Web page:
One wants to be the war president. The other wants the election to be about the economy.
Our sitting president wants to talk about how his opponent is wobbly on his Senate voting record, especially for military spending. His opponent wants to talk about how our sitting president is in a dream world about the economy, ignoring the continuing crisis in lost manufacturing jobs.
This presidential election is again about the economy (echoing Bill Clinton's famous line, ``it's the economy, stupid,'' used as a saber in the 1992 election). If John Kerry and the Democratic Party have their way, the election will put manufacturing front and center.
George W. Bush would choose to keep the discussion focused on the war in Iraq and fighting terror. But if Kerry keeps up the attack and manages to stir enough support, manufacturing could become a major campaign topic this fall.
For those plastic processors and toolmakers who have complained for years that their pleas for help have fallen on deaf ears in Washington, the election could make for a galvanizing force, no matter who is the victor in November.
Yet, for those of us who have experienced outsourced work and lost income firsthand, the election may not mean that our politicians are listening better than before.
Instead, it is proving just how polarizing and divisive the issue really is. Depending on what side of the free trade/fair trade issue you happen to fall, the debate could merely crystallize your views.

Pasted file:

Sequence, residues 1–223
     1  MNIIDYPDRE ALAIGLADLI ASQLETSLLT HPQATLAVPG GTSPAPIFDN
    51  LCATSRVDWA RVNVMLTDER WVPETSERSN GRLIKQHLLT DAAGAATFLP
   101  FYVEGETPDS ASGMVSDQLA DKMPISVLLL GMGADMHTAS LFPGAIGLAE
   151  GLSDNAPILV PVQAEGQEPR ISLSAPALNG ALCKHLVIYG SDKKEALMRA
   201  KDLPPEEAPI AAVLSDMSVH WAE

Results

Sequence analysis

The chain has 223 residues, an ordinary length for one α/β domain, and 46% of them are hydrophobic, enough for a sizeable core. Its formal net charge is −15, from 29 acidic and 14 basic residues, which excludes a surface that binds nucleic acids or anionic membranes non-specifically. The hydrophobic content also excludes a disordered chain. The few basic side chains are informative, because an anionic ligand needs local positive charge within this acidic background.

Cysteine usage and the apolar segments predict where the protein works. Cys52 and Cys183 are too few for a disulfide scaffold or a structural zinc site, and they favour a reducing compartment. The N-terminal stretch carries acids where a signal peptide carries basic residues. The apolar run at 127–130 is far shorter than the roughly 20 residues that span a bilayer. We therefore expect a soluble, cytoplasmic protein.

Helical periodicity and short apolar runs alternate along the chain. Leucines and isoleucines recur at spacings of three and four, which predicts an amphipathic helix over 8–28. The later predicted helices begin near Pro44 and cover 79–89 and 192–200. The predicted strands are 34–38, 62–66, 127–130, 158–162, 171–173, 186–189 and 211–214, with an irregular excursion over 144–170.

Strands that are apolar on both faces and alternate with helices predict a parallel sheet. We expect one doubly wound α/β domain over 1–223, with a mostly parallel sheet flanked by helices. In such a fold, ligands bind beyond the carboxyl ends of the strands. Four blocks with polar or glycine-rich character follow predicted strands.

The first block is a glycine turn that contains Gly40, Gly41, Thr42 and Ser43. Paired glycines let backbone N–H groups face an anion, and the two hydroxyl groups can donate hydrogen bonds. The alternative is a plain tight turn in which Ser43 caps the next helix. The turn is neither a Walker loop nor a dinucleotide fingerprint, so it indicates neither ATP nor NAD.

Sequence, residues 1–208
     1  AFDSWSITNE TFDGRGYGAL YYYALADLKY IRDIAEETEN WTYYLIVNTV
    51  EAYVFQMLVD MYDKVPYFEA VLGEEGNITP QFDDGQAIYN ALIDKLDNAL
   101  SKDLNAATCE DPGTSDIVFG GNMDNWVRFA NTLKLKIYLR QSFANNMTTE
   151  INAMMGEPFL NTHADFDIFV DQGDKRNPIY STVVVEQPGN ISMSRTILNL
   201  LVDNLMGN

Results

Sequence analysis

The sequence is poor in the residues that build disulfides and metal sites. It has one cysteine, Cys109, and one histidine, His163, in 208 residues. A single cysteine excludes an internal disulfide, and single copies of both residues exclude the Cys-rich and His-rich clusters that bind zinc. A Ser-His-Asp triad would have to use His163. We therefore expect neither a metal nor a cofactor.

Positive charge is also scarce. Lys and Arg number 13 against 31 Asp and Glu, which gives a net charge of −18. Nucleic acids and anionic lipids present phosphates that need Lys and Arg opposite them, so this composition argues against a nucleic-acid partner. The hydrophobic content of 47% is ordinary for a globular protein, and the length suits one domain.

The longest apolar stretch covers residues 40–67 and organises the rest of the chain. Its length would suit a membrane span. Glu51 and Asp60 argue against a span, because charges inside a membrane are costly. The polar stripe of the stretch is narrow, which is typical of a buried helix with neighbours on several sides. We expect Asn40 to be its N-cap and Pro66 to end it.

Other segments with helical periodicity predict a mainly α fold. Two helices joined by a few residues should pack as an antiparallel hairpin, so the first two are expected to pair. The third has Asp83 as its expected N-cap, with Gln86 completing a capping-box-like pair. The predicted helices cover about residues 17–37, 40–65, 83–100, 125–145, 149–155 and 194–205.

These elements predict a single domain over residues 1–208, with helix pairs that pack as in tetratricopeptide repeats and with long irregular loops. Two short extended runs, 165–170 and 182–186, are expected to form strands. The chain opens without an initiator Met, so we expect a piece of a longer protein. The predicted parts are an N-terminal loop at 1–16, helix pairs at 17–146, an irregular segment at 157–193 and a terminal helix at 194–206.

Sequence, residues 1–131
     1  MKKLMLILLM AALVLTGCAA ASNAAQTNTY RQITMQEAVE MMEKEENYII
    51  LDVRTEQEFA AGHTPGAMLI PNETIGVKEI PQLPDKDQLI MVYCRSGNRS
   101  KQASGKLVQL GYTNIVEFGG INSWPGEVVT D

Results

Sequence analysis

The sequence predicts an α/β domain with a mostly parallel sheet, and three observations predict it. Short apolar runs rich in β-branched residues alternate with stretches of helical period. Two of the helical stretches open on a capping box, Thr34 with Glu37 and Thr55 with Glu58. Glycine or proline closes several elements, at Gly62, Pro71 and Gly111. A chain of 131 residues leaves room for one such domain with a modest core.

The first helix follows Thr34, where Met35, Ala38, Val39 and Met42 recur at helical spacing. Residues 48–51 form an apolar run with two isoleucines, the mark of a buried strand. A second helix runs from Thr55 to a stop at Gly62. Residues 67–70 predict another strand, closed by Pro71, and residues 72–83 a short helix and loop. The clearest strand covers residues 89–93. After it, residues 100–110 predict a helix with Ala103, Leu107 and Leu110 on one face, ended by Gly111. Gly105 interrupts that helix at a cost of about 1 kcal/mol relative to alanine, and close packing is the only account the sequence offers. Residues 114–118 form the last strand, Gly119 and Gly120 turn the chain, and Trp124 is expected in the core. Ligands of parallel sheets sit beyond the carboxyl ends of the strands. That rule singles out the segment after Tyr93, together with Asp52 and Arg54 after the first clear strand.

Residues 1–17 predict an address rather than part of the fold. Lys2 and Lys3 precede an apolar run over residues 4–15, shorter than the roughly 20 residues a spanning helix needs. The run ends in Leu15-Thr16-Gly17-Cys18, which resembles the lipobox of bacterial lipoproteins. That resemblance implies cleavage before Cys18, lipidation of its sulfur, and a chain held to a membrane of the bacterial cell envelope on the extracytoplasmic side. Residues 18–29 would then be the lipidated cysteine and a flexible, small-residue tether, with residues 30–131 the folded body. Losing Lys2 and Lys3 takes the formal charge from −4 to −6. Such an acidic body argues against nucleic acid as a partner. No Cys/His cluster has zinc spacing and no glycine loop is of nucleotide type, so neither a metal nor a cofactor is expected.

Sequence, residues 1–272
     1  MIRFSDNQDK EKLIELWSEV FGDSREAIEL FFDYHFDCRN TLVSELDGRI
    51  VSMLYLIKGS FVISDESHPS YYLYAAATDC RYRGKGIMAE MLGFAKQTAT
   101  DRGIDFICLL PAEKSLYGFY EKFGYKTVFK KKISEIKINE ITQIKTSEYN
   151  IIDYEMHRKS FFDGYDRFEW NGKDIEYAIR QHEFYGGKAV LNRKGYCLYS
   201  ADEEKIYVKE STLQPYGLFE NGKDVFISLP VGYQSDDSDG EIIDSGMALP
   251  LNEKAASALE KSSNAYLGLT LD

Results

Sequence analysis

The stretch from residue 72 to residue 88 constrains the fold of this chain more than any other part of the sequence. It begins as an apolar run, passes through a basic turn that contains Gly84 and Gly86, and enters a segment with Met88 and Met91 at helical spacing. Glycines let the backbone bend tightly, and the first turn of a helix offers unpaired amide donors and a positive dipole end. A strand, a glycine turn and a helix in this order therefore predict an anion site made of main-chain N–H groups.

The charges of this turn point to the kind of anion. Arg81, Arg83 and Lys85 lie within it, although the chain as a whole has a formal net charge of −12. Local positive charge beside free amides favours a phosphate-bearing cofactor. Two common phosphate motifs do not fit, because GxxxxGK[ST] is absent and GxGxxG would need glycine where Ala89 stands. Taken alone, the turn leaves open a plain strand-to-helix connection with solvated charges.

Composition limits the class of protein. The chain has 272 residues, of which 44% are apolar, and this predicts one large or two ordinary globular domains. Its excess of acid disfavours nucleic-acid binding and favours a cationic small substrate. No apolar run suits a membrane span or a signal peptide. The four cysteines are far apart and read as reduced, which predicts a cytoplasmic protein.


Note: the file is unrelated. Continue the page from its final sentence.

Bush has been an unabashed, global free trader. His staff, including Treasury Secretary John Snow, has told media outlets that moving jobs to low-cost countries is part of trade and that trade makes our economy stronger. Bush himself has been quoted as saying that ``confident free trade policy'' means more people want to open plants here.
Kerry has shown more reluctance to embrace the free trade mantra and, in a typical Republican-Democratic split, takes the side of workers losing jobs. He has asked for a 120-day review of existing trade agreements. He has asked for an immediate investigation into Chinese workers' rights abuses. He has suggested reforms to enhance competitiveness and stop currency manipulation.
His skeptical platform on trade has been followed up by Democratic Party-sponsored television ads. The latest, shown this week right after Vice President Dick Cheney spoke at the Republican National Convention, depicts an empty U.S. factory with Bush's words echoing that the economy is steady and strong.
Where does this debate go? It could become a choice in November between increased protectionism and free trade. However, Kerry views are not always clear. He has voted for free trade bills in Congress, including the North American Free Trade Agreement. He even voted against the steel quotas that were temporarily implemented by Bush.
How much is just campaign bluster and how much is serious debate remains to be seen. But like in 1992, the issue could be on the table, and the election outcome could affect many companies. Of course, H. Ross Perot tried that strategy in 1992 too, stressing the ``great sucking sound'' of NAFTA.
Now, many of those Mexican jobs are being sucked to China. A question to ponder: Does election-year rhetoric on the topic make that much difference?